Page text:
11/12/12 – 10:05
Well that was a bit of a struggle chaps, but it seems a consensus has been reached!
11/12/12 – 10:09
One small correction, Malcolm. Both the RAC and AA were providing roadside assistance from their inception (1897 and 1905 respectively) and the RAC campaigned successfully for the abolition of the man with the red flag walking in front of the car. Of course, how many patrols and where they were was another matter. It would certainly be practical for bus staff to be able to carry out minor repairs/adjustments/punctures where needed.
11/12/12 – 11:32
Been looking at my dad’s Fleet list. He has 54 as BT 8981 Leyland A13 and 55 as BT 8777 Leyland A13, B26, New 7-23, ex Noel Thompson of Sutton. I am wondering if he has transposed these numbers by accident from another list. Luckily of course he has complete lists of the AT, BT and WF registration cards for the bus and carriers vehicles so it was easy to look in the BT list to see BT 8777 is chassis number 35638 later disposed to Peacock in Hull.[?] Handwritten notes, fun is! Curiously in some of the earlier photos Dad has there are several with staff and buses together, if I have time I will look to see if he is in any of them!
Apologies for another off piste swerve but I also love the Model T Ford, looks like a post 1915 Trafford Park built T. Clue is the black painted radiator. Great cars, electric lights, electric starter. I owned a later Tudor from 1926, not much different to this, no indicators, no brake lights, no speedo, no front wheel brakes! Happy motoring
12/12/12 – 07:05
Please find attached a photo of Noel Thompson’s fleet prior to take over by East Yorkshire, buses are left to right: BT 9809, Dennis 2 1/2 ton 29 seats, (EY 53); BT 8981 Leyland A13, Leyland 26 seats (EY 55); BT 8777, Leyland A13, 26 seats (EY 54); the other three are unidentified, but appear to be a Vulcan (possibly BT 7852 EY 52?), and a Ford (possibly BT 8549) plus another totally unidentified.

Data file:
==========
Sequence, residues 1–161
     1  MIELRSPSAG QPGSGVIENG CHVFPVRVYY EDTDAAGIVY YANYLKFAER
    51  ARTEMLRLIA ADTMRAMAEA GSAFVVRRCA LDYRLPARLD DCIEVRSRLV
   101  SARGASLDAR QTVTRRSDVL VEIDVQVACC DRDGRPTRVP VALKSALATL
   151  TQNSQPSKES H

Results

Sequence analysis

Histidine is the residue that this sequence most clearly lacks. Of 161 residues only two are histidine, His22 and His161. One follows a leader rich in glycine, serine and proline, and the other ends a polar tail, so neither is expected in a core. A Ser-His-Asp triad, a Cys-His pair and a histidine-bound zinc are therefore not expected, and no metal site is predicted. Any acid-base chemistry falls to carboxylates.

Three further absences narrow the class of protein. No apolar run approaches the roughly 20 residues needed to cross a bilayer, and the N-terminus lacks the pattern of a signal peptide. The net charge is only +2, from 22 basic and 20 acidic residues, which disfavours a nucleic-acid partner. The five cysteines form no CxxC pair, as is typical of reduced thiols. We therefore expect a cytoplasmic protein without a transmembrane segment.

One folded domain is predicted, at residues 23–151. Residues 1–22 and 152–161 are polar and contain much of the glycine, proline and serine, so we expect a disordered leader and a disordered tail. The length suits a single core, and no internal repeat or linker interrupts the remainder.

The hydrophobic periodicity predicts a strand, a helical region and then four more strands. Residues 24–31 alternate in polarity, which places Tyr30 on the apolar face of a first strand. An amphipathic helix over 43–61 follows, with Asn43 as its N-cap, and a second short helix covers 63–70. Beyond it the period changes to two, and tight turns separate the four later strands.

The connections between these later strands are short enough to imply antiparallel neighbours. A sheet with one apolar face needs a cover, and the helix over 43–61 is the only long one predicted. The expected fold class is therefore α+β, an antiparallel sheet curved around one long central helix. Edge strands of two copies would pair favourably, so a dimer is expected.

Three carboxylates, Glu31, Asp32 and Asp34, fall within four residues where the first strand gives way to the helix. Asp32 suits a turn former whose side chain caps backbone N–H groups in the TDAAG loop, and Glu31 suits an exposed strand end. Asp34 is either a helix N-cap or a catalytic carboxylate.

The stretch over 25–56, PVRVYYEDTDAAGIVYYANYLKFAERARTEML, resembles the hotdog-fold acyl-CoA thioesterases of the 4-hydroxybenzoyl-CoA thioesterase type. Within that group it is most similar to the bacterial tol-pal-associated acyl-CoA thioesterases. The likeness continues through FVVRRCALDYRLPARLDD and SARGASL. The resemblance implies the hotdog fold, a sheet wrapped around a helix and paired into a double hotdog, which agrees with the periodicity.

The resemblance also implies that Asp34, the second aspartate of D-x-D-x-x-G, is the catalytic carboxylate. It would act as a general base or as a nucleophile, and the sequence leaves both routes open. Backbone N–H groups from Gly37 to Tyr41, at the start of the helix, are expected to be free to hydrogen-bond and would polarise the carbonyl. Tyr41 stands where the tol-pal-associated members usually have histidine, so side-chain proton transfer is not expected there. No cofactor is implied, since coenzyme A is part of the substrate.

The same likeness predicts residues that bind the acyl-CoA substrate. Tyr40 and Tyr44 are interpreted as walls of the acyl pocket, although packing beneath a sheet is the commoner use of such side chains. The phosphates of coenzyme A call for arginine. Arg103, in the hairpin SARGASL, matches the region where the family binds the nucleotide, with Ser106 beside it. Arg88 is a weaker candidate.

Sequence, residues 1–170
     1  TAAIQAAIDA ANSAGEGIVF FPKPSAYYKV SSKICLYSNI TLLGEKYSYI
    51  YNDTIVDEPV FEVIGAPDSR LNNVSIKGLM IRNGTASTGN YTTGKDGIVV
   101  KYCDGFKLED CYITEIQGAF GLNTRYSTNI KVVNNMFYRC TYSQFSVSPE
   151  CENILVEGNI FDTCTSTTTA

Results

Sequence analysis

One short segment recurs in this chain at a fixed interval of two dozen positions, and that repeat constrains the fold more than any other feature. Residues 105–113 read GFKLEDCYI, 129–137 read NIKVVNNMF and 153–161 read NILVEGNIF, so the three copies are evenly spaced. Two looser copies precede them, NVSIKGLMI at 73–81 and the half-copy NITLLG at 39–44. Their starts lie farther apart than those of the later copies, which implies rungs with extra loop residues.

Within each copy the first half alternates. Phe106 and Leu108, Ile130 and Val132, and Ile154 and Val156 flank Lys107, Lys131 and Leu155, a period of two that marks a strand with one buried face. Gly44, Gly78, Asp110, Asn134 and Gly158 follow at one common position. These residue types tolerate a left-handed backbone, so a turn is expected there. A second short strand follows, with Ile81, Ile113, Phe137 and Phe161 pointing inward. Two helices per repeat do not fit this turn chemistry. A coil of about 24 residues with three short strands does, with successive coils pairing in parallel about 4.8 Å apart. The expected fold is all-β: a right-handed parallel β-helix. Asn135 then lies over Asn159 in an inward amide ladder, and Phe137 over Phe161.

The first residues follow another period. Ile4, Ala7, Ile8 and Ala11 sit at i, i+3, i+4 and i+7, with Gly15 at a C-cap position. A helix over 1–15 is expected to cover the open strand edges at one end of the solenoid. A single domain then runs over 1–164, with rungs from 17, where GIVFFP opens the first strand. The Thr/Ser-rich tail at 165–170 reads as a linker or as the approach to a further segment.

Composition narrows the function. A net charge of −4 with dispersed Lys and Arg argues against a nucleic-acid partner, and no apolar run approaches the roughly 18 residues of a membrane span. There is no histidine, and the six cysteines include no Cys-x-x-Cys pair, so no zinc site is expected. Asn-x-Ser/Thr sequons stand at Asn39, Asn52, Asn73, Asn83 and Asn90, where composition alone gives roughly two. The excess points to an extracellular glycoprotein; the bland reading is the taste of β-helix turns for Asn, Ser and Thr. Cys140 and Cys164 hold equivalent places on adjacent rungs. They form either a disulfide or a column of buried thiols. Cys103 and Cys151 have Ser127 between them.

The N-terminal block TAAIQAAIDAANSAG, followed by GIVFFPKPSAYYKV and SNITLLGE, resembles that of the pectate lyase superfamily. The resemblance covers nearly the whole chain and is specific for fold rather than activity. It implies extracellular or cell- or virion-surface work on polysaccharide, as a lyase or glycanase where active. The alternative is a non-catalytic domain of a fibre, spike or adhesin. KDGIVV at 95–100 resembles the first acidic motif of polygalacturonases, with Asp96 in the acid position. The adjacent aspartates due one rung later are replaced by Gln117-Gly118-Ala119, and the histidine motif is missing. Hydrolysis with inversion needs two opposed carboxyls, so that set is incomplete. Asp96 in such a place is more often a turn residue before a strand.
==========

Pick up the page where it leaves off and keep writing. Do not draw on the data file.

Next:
I would be pleased if anyone could provide positive id’s for these. With regard to Matt’s comment: I took the numbers for 54 and 55 (BT 8981 & BT 8777 respectively) from the PSV Circle publication PB17 (page 7). If Matt has positive confirmation of the transposition, I would be pleased to amend my records.
12/12/12 – 17:18
The fleet numbers of BT 8777 & BT 8981 seem to be causing some confusion, my copy of PB17 show 54 as BT 8777, 55 is BT 8981 & 53 is BT 9809, but one thing I have noticed from all this is that EY must have fitted the ex Thompson vehicles with roof destination boxes as the original photo of 54 shows and I have sent a photo of 53 now fitted with a roof box.
Hope Ian is getting better and I am looking forward to the Bridlington book.
13/12/12 – 06:27
Yes Mike, My copy agrees with that also. With regard to the fleet numbers 49 to 52 which are on my list, none of these numbers have been officially confirmed, and I have a short essay detailing how I arrived at the conclusions I came to. If anyone is interested I can supply a scanned copy of it.
Also may I add my wishes for Ian’s speedy recovery, I was sorry to learn of his illness on the site. (Not to mention his work on the Bridlington book, for all us Bridophiles).
According to Ians book on EY, my photo shows BT 9808, BT 8981, BT 8777, BT 7853, BT 4718, AT 6517 and BT 8549. I hope this is of interest.
13/12/12 – 16:28
Malcolm Burnard’s comment that, in the 1920s, bus drivers had to have a good mechanical knowledge reminded me that, a few years ago, I came across an extract from the Drivers’ Rule Book issued in 1929 by Ribble Motor Services. In the hope that these may be of general interest, here are those referring to mechanical aspects.
Rule 4. Immediately after reporting for duty, drivers MUST obtain wheel-changing equipment (jack, bar and brace).
Rule 21. Drivers must, when coasting, listen for chassis and body noises; these can best be heard when the engine is running slowly.
Rule 22. Ask your conductor to inform you of such items as loose and noisy windows, squeaking pillars, loose and drumming panels, loose floor traps, etc.
Rule 23. Tighten up any bolts etc found to be loose.
Rule 40. Drivers must not, in any circumstances, interfere with or alter the adjustment of the carburettor or magneto, the only exception to this rule being if a bus has completely broken down a considerable distance from any of our garages and one of these two units is suspected. In this case the driver must do what he thinks necessary to get home.